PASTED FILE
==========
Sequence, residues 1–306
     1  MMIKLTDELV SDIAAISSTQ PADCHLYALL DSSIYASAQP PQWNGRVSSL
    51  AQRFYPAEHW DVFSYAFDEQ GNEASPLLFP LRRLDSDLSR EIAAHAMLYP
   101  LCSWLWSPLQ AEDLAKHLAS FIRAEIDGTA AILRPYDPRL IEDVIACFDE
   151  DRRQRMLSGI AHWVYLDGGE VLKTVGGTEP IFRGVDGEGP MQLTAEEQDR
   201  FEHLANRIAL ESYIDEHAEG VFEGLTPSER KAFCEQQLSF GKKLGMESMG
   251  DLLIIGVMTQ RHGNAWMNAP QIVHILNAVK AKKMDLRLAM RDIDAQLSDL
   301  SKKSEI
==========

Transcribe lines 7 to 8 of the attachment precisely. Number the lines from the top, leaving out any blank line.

   251  DLLIIGVMTQ RHGNAWMNAP QIVHILNAVK AKKMDLRLAM RDIDAQLSDL
   301  SKKSEI